Saturday, May 16, 2020

Nate Hood's Quarantine Qapsule # 41 Anna Christie [1930] ★★½

“Garbo Talks!” the advertisements screeched for Clarence Brown’s Anna Christie. For the first time audiences would be able to hear the shimmering Swedish icon’s voice for themselves. And talk she did. And talk talk talkity-talk. In a spectacular bit of cinematic overkill, her first speaking role was an adaptation of a Eugene O’Neill play, the patron saint of long-winded playwrights. It’s sorta like if a young dancer was made to share her first onscreen performance opposite Fred Astaire. But Garbo more than rose to the challenge, delivering a scorching performance as Anna, a former prostitute who travels from Minnesota to New York City to live with her estranged father Chris (George F. Marion).

The Garbo persona was infamous for its proximity to tragedy, but here we see a woman broken not by traditional melodrama but naturalistic working class drudgery and despair. Consider her first scene where she stumbles into a bar and strikes up a conversation with Marthy (Marie Dressler), a “tramp” whose been living on her father’s barge. Anna remarks that in Marthy she sees herself in forty years, and watching her suck cigarettes with the same intensity that Marthy guzzles her lager and ale, we believe her. The second half of the film sees her sailing with Chris and falling in love with Matt (Charles Bickford), a lost sailor they rescue one night. It’s here we see the same melodramatic machinations one would expect of a Garbo film: Anna finds a modicum of happiness with her new life only for it to be shattered when she’s forced to reveal her past as a brothel girl to Chris and Matt. The third act’s dominated by an excoriating monologue where she savages the two men for their hypocrisy for judging her, and one wonders if it was this scene alone that convinced Metro-Goldwyn-Mayer to pick the project for her.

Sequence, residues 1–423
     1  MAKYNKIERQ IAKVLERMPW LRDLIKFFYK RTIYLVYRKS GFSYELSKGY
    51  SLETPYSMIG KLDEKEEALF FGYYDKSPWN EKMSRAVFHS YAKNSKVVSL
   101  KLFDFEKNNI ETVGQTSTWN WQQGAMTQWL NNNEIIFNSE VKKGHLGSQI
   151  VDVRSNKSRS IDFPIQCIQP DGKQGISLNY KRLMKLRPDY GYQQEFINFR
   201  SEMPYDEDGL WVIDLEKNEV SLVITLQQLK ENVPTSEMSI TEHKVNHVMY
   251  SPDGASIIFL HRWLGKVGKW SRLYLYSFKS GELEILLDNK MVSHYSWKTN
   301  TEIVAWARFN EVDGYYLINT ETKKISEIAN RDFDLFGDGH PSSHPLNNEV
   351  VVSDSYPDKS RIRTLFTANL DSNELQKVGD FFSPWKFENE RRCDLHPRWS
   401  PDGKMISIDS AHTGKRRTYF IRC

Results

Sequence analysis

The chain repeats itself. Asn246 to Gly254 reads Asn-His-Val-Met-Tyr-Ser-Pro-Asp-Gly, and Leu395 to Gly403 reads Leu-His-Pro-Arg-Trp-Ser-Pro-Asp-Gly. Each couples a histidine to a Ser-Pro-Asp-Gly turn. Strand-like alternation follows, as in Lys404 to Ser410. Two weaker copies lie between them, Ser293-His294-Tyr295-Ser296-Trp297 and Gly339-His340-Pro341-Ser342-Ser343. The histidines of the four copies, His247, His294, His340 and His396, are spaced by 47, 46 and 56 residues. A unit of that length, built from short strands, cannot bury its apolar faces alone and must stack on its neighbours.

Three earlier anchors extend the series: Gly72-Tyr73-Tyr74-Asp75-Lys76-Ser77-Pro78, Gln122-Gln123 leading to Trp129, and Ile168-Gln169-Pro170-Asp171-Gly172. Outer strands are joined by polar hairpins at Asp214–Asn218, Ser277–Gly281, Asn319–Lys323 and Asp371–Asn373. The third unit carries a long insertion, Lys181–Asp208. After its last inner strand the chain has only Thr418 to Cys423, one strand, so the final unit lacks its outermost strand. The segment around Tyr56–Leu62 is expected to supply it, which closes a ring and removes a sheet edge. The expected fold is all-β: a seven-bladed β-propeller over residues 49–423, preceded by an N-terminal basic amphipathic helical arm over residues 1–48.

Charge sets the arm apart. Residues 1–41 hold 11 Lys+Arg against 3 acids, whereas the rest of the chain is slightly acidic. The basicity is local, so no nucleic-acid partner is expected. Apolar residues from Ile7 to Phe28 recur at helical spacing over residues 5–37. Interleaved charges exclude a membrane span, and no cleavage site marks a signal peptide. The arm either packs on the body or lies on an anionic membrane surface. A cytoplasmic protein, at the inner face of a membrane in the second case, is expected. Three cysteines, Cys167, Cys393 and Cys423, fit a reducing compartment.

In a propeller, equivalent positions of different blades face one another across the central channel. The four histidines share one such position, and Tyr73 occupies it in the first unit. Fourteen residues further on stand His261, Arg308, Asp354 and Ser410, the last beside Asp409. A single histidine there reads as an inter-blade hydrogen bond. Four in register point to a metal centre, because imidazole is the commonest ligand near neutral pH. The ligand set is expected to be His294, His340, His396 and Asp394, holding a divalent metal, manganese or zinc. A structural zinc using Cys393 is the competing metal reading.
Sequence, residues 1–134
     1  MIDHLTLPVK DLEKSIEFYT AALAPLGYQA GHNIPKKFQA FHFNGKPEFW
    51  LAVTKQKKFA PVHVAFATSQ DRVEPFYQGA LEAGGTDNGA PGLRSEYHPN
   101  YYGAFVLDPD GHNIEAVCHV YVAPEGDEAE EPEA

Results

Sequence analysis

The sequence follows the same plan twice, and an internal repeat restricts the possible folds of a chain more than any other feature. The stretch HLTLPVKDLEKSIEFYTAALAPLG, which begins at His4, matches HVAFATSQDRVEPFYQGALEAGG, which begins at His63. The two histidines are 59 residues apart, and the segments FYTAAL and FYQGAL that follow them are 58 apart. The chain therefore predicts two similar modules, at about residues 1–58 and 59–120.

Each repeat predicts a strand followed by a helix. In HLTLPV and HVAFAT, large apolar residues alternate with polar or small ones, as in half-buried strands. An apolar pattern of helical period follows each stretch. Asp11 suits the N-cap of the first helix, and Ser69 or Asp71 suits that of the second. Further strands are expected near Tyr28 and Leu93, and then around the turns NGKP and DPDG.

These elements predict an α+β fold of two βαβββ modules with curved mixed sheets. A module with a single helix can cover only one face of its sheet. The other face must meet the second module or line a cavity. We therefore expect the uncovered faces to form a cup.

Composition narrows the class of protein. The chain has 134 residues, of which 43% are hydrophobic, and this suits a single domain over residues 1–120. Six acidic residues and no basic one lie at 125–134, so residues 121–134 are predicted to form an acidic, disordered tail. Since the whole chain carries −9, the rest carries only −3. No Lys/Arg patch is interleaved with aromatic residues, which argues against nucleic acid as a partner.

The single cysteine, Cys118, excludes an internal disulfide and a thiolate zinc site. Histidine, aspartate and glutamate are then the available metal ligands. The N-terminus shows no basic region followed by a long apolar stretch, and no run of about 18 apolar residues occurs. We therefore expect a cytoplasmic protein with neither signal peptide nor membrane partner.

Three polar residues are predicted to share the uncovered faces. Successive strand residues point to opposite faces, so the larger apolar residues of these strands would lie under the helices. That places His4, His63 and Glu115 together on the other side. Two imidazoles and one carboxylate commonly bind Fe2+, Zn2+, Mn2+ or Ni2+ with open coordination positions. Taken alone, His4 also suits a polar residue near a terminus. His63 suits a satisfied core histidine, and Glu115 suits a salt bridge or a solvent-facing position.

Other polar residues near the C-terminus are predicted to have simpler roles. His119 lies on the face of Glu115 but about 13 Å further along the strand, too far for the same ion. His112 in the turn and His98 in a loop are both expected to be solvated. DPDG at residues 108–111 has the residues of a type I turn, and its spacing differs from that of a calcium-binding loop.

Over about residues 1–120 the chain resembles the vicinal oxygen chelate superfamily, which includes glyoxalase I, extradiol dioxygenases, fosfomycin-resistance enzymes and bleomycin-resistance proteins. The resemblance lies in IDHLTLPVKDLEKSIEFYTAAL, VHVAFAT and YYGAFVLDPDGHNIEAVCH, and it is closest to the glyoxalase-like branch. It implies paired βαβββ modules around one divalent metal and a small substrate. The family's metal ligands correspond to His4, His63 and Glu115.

But despite O’Neill’s brilliant character work, Garbo’s performance, and some eerily moody cinematography from William H. Daniels (the dockside scenes look ripped from an early von Sternberg), the film’s a flat, inert affair. It was always going to be tricky to adapt O’Neill’s wordy drama for an off-stage visual medium, but Brown’s insistence on flat tableaux compositions drains the film of its momentum and energy. The first thirty minutes where we watch the main characters chatter and get blotto are particularly mind-numbing in their stasis.

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